Modeling Study of CO2-Induced Asphaltene Precipitation†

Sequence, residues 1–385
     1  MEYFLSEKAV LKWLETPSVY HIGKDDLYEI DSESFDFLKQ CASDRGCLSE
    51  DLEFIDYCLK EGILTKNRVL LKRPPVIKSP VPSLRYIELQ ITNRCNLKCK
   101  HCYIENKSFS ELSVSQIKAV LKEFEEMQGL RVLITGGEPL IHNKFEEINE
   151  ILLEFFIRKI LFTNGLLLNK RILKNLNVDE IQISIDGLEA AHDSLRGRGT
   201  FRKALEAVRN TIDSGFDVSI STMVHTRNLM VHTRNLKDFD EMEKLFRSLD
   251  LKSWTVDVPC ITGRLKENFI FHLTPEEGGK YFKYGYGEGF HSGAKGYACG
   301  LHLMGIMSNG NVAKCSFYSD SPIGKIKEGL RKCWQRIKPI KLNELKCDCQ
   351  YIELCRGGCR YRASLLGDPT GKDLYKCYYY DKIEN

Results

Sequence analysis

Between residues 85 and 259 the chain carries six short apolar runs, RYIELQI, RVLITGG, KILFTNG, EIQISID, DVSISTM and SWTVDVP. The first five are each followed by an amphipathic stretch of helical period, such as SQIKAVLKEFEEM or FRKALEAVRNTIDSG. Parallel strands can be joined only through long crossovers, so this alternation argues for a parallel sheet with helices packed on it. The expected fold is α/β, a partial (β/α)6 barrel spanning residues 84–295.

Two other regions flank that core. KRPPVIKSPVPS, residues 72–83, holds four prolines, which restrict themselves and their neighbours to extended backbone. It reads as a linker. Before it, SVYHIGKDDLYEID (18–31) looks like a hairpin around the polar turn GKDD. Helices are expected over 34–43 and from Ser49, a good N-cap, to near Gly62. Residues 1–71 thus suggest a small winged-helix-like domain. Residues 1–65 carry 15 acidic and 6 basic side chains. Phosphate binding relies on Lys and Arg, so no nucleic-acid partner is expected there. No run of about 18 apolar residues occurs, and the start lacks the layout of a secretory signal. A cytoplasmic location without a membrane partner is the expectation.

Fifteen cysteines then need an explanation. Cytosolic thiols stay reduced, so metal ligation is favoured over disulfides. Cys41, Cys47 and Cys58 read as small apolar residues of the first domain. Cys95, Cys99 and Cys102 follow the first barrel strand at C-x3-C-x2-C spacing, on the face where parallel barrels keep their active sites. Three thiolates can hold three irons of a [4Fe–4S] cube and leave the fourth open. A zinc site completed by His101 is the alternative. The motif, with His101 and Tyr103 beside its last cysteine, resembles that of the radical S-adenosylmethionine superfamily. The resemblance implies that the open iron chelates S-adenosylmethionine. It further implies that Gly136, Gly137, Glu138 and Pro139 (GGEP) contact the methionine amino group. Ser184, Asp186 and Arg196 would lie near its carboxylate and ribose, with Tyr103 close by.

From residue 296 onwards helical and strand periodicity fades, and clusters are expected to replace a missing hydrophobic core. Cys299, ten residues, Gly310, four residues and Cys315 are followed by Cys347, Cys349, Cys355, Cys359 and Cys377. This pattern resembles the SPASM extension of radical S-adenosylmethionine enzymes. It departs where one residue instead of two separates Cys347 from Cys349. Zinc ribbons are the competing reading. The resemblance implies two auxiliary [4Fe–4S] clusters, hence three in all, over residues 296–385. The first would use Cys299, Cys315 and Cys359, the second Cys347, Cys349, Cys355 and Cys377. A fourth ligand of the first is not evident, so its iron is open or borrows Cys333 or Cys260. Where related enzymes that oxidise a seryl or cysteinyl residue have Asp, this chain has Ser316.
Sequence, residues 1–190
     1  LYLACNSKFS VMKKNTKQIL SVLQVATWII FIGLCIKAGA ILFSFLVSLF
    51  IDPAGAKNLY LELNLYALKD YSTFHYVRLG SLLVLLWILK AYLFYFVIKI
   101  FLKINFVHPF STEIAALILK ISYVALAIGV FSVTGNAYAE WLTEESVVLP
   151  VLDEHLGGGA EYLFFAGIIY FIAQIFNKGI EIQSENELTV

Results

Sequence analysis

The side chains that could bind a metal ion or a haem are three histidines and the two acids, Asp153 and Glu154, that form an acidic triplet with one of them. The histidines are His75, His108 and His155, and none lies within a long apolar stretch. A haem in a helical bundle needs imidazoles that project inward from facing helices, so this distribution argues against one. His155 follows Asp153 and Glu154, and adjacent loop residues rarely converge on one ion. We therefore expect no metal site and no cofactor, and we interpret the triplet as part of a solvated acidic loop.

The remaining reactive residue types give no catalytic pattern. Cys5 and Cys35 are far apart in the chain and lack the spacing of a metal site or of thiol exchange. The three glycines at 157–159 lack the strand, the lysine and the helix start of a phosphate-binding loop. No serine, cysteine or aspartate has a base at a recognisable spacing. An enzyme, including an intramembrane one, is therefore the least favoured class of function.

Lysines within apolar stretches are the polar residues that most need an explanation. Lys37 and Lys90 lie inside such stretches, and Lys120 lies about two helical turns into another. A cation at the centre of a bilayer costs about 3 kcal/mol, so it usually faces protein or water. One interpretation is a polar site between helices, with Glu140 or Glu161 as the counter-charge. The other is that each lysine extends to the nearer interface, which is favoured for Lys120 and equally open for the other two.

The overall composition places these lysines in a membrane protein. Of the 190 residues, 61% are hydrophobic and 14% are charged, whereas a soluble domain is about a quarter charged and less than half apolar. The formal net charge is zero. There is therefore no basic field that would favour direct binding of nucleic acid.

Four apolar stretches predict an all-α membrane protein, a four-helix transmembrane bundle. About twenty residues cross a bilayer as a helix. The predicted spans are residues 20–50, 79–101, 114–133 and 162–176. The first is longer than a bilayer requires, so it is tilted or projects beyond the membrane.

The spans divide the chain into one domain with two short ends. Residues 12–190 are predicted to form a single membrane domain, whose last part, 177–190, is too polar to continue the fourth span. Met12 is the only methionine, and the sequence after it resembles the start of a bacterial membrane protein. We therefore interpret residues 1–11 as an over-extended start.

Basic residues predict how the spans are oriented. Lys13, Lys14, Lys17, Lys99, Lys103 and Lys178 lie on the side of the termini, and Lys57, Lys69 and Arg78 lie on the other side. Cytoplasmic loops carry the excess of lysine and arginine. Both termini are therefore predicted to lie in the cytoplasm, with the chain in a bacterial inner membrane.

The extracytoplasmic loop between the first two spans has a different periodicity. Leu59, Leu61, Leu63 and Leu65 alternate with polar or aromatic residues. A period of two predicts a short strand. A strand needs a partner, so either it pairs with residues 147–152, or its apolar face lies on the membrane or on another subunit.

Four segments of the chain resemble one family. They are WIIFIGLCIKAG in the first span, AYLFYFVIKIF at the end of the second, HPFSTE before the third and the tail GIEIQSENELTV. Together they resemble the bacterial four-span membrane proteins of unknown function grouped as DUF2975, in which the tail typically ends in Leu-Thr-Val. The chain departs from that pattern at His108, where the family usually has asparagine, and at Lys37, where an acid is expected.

The insolubility of asphaltenes in light paraffin liquids and other incompatible fluids, such as carbon dioxide (CO2), is a source of problems during crude oil production operations. Asphaltene precipitation can cause formation damage and wellbore plugging, requiring expensive treatment and cleanup procedures. In the presence of light gases, such methane, ethane, propane, and nitrogen (N2), asphaltenes are usually more stable as pressure and temperature increase; however, experimental measurements indicate that, in the presence of CO2, asphaltenes become more stable as the temperature decreases. In this work, the asphaltene phase behavior in a live reservoir fluid and a dead oil from South America is investigated in a range of pressures and temperatures in the presence of CO2 using the perturbed chain–statistical associating fluid theory (PC–SAFT) equation of state (EoS). This thermodynamic model has been applied to asphaltene precipitation with different crude oil systems, such as those that involve methane, ethane, or N2. Simulation results using the PC–SAFT EoS model are in good agreement with experimental measurements. A thermodynamic analysis using a model live oil confirms and explains a crossover behavior observed in the simulation of the precipitation onset with CO2. Simulations show that CO2 can act as an inhibitor or a promoter of asphaltene precipitation depending upon the range of temperature, pressure, and composition studied. At fixed pressure and live oil composition, CO2 addition increases the asphaltene stability below the crossover temperature, whereas above this point, the asphaltene becomes less stable when the CO2 concentration is increased.


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